As (the real) Prince Harry’s decision to release a memoir makes clear, the media environment in which the royals have found themselves has fundamentally changed, leading to something of an existential crisis. At the center of this season are two extraordinary television interviews given separately by Charles and Diana that plunge the royals into chaos, and more than once in these new episodes, the British public find themselves asking out loud what the monarchy is for, including in a TV special in the series finale in which viewers (and a cheeky Diana) call in to a national telephone referendum to have their say.
“It’s so sad to see her struggle to understand the medium with which she’s inextricably linked,” the Queen Mother (Marcia Warren) says in one episode as she watches the monarch struggle — in another classic Morgan metaphor — with a new television inside Windsor Castle. The BBC first launched its official television station in 1936, the Queen Mother points out, which was the same year King George VI came to the throne after his brother abdicated. The Queen’s coronation was also the first to be broadcast live on TV and her televised Christmas Day speeches were among the few times most people actually heard her voice.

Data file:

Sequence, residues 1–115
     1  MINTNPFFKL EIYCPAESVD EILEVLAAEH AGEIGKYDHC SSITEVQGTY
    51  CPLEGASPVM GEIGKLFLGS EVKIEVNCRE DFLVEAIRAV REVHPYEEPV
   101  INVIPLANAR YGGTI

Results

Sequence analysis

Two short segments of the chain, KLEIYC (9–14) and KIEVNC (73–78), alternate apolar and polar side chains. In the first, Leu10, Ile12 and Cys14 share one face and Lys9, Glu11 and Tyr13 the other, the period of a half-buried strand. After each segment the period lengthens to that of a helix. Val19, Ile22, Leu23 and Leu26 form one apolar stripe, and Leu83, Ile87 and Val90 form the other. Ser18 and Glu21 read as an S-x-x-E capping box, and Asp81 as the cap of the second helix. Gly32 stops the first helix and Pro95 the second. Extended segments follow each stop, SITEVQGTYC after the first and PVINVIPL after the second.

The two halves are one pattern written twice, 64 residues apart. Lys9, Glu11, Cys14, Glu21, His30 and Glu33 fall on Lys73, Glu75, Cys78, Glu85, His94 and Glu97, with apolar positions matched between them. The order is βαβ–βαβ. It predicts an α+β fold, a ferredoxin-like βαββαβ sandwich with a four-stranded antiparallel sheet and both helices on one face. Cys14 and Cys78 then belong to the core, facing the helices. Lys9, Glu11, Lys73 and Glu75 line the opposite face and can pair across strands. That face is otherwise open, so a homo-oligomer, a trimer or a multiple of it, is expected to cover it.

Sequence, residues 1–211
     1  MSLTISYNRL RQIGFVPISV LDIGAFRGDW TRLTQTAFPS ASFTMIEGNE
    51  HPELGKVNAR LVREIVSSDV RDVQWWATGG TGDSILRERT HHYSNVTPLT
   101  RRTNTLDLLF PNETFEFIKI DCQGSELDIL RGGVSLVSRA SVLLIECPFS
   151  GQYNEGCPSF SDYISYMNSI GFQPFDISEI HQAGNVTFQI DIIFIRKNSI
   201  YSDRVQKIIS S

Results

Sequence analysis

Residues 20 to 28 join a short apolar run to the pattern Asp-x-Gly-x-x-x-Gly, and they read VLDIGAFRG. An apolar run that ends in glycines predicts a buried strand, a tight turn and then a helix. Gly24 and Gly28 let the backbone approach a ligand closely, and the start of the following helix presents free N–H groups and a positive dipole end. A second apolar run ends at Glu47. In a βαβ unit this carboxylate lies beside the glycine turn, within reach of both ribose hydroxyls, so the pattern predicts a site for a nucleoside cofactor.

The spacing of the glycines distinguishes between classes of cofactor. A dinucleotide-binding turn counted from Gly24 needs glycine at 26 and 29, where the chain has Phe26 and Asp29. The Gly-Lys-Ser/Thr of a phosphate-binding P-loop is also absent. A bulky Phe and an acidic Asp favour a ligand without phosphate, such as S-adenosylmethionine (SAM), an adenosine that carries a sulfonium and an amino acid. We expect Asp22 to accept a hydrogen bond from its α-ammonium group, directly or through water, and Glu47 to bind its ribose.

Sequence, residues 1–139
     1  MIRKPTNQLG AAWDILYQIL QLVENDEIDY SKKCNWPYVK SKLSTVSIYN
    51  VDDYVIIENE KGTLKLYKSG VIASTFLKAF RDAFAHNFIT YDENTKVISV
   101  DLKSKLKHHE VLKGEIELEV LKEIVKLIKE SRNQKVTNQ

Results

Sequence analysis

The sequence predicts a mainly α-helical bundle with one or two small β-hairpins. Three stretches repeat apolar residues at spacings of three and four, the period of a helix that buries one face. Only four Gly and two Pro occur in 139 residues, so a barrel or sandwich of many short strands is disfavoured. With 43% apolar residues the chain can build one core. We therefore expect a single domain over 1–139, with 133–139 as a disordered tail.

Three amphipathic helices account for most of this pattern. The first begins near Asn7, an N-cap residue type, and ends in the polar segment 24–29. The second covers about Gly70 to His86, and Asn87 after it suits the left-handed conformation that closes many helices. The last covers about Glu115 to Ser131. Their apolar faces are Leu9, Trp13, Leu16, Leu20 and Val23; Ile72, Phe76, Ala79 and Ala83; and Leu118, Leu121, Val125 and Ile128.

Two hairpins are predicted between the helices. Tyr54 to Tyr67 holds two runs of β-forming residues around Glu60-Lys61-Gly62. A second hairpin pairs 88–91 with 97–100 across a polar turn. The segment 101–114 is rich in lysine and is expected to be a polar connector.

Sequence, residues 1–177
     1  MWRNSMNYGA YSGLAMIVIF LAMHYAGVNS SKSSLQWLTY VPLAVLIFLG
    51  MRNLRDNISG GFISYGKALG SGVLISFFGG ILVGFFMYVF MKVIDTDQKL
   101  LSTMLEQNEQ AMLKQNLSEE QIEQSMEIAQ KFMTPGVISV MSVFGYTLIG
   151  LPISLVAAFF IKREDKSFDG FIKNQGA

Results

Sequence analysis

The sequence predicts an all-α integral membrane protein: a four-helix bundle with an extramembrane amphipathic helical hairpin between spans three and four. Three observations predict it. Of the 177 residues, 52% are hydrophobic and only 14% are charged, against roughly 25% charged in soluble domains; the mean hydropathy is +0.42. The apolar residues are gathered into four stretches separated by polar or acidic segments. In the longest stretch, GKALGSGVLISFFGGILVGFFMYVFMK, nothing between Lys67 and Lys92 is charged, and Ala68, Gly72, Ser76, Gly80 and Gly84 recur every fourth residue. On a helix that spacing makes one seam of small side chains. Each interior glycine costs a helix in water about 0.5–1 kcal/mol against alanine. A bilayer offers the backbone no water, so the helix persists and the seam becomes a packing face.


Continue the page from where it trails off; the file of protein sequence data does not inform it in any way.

Like the Buckingham Palace intruder from last season, television has long since crept over the palace walls and caused something of a reckoning. Everyone has had to try to adapt.
“It does seem to have had better days,” the Queen had said earlier in the episode as she fiddled with an outdated set. “Even the televisions are metaphors in this place.”●